Striking Zimbabwe nurses fired

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Zimbabwe sacked 16,000 striking nurses as the new government seeks to keep a lid on labour unrest in the build-up to the first elections since the fall of Robert Mugabe.

Nurses walked out on Monday over unpaid allowances and other issues, leaving hospitals under-staffed. The action came days after junior doctors ended a month-long walk-out over pay and working conditions.

Vice President Constantino Chiwenga accused nurses of staging a “politically motivated” walk-out and said they would be replaced by retired and unemployed staff. The nurses’ union told members to stay calm as it considered its response.

The Zimbabwe Nurses Association (ZINA) said it gave its employer, the Health Services Board, until Thursday to reverse the mass dismissal or face legal action.

Chiwenga, the retired army general who led a de facto military coup against Mugabe in November, said ZINA rejected a $17 million offer to clear wage arrears.

ZINA said it was open to talks with government and its grievances had not yet been resolved.
“Government regards this lack of remorse as politically motivated and thus going beyond concerns of conditions of services and worker welfare,” Chiwenga said.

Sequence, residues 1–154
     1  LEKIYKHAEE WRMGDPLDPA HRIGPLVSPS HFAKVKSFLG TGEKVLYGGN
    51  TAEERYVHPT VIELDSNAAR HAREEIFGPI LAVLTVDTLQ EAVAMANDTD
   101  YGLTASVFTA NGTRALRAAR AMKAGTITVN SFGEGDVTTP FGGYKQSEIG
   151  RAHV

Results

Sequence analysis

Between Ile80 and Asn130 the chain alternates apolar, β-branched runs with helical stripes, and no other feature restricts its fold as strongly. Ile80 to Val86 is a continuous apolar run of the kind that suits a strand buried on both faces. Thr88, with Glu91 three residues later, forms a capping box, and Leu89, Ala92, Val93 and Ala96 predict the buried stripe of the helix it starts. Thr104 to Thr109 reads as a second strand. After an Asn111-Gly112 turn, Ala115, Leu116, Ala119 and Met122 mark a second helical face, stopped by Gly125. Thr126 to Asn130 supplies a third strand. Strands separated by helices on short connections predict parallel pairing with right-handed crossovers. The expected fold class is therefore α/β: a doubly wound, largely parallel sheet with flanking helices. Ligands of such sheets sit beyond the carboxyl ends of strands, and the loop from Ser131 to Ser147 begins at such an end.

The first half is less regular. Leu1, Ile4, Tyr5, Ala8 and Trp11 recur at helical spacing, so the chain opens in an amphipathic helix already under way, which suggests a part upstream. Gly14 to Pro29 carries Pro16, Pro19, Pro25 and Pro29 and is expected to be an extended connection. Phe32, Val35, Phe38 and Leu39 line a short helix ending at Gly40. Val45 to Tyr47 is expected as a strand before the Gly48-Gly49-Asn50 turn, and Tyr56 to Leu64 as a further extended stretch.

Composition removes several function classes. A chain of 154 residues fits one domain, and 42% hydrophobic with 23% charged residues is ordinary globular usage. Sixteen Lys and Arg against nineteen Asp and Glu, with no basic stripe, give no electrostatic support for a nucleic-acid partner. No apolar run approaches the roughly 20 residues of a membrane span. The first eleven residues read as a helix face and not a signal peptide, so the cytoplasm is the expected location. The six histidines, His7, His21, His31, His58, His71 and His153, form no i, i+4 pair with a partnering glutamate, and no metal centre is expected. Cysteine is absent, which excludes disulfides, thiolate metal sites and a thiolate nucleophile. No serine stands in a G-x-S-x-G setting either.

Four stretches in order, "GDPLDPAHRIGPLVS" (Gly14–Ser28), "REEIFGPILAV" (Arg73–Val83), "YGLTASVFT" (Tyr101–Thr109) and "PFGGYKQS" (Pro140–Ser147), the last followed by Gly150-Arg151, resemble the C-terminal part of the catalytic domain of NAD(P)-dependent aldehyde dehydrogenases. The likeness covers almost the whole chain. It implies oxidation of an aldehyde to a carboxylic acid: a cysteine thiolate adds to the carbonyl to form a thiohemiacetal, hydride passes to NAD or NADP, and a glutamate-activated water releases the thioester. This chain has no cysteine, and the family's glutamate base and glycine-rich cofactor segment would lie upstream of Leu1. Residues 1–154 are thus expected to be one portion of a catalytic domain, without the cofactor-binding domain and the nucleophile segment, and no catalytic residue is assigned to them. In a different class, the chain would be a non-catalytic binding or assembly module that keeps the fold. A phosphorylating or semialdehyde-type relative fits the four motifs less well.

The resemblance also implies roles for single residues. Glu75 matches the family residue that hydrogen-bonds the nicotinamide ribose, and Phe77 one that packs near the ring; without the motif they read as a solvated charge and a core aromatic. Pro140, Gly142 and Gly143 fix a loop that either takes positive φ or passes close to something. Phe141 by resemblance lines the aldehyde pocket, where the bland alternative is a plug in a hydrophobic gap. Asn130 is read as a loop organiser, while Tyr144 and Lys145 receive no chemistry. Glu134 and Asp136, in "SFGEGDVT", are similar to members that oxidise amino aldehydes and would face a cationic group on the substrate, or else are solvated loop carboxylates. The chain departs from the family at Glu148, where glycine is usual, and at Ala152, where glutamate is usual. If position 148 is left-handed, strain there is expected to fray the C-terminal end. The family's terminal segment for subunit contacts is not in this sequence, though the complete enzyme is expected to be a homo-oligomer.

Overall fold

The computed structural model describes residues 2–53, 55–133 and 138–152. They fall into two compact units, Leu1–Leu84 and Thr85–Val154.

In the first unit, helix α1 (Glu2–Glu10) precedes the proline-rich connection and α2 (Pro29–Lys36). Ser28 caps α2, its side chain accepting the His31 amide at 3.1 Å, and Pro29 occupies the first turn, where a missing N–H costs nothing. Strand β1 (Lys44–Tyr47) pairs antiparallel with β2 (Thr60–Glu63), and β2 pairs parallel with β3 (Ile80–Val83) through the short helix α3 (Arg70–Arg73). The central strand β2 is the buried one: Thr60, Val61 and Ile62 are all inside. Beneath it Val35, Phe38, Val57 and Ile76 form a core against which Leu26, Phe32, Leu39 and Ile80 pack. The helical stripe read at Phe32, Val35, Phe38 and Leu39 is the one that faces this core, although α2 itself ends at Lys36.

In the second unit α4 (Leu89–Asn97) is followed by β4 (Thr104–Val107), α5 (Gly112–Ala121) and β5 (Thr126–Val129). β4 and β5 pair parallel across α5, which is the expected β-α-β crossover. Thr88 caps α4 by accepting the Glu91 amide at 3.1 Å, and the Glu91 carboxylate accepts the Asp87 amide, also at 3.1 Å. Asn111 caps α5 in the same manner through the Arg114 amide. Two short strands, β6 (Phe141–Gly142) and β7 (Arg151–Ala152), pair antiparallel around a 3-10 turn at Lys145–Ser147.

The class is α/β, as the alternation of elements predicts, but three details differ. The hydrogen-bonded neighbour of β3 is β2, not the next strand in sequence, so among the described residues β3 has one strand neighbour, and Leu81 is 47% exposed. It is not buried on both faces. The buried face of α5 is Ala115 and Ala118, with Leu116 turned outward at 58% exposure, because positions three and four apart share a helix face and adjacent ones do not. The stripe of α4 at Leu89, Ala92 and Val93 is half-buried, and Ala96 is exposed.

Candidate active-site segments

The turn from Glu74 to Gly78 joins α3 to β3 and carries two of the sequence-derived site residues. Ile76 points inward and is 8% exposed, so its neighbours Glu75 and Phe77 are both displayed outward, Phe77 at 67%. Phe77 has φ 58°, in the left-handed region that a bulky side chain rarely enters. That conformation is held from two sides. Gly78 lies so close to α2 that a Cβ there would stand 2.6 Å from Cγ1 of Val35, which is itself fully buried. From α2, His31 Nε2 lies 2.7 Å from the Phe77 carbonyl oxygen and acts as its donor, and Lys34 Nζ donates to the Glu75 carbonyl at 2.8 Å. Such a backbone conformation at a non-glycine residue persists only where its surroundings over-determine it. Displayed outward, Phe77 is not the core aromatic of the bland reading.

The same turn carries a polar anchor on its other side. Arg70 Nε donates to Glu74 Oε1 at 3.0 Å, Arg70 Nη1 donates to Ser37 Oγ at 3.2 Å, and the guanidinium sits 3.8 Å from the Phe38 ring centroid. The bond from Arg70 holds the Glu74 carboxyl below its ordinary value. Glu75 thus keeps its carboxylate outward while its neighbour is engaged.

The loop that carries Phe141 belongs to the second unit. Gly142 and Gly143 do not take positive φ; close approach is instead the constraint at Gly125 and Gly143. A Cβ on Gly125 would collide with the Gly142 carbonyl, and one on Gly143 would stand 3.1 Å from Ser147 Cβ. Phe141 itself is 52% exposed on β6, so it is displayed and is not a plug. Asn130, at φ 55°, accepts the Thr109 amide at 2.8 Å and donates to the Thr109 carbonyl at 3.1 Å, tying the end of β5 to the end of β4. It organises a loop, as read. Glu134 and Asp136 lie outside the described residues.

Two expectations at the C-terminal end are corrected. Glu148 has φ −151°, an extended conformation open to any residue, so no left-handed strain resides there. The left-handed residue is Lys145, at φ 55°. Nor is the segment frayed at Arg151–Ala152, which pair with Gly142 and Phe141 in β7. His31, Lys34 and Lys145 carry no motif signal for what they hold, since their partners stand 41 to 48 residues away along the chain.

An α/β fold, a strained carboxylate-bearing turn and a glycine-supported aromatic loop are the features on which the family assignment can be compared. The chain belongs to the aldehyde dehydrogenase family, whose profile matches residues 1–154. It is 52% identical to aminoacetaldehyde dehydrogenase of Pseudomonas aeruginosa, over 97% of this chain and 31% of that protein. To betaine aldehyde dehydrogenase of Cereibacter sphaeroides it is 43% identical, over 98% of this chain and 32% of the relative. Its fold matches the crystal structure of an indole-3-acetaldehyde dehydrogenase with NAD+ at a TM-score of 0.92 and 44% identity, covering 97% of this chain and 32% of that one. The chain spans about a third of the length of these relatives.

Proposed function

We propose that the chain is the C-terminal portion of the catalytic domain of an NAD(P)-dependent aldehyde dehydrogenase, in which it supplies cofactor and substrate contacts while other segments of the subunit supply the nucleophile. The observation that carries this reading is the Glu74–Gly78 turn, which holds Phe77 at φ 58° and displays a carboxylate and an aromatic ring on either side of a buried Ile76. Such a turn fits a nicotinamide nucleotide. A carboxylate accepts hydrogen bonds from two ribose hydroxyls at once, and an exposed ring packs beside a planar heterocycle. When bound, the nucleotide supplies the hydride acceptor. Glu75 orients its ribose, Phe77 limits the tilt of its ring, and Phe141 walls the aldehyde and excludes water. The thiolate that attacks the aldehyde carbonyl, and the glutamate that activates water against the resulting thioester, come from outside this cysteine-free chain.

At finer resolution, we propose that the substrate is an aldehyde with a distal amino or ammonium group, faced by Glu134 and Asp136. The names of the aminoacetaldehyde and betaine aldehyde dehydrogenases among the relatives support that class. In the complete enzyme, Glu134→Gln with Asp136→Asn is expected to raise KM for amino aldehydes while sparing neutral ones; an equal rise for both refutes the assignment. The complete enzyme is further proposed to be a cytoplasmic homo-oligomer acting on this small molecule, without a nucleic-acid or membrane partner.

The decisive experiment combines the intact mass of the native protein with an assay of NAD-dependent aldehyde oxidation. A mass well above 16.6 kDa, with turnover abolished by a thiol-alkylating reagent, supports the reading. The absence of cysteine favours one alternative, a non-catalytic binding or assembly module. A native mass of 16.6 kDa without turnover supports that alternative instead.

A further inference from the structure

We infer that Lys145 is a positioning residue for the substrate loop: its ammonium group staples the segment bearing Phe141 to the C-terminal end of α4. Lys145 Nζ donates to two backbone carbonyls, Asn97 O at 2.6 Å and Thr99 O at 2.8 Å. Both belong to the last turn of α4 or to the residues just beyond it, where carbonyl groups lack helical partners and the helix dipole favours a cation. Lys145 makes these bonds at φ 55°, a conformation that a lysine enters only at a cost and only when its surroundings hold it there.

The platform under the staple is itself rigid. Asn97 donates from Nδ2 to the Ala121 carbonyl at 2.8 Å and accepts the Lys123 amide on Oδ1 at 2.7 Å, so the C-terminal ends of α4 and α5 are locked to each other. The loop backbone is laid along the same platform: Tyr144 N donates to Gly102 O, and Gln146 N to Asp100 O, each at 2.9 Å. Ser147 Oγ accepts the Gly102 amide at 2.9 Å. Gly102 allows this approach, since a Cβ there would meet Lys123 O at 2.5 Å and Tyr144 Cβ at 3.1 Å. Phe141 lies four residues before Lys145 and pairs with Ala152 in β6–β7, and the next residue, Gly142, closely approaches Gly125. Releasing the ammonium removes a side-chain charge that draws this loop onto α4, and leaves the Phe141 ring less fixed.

He did not say which political group was behind the strike. Mugabe regularly accused opposition groups of trying to undermine his government by encouraging public sector strikes that punctuated his 37 years in power.

The Zimbabwe Teachers Union, which threatens to go on strike next month over poor pay, said government should rescind its “inhuman and unilateral decision.” A doctors and lawyers union said the government decision was illegal.

President Emmerson Mnangagwa, who replaced Mugabe in November, will stand in elections set for July against a revitalised opposition Movement for Democratic Change party led by 40-year-old Nelson Chamisa.



Mnangagwa promises to revitalise the southern African country’s economy after decades of severe mismanagement. Cash shortages mean banks are forced to limit withdrawals, unemployment remains above 80% and government still struggles to pay workers on time.